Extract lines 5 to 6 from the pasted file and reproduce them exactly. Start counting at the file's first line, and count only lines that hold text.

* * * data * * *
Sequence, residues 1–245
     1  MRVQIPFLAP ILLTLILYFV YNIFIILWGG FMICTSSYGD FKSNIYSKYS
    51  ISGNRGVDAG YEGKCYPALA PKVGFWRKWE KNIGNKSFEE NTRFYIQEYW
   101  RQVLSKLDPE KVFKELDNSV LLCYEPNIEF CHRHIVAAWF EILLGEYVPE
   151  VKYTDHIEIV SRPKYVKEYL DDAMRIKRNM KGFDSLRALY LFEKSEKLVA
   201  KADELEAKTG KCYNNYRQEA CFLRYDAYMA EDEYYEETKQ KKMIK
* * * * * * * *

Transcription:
   151  VKYTDHIEIV SRPKYVKEYL DDAMRIKRNM KGFDSLRALY LFEKSEKLVA
   201  KADELEAKTG KCYNNYRQEA CFLRYDAYMA EDEYYEETKQ KKMIK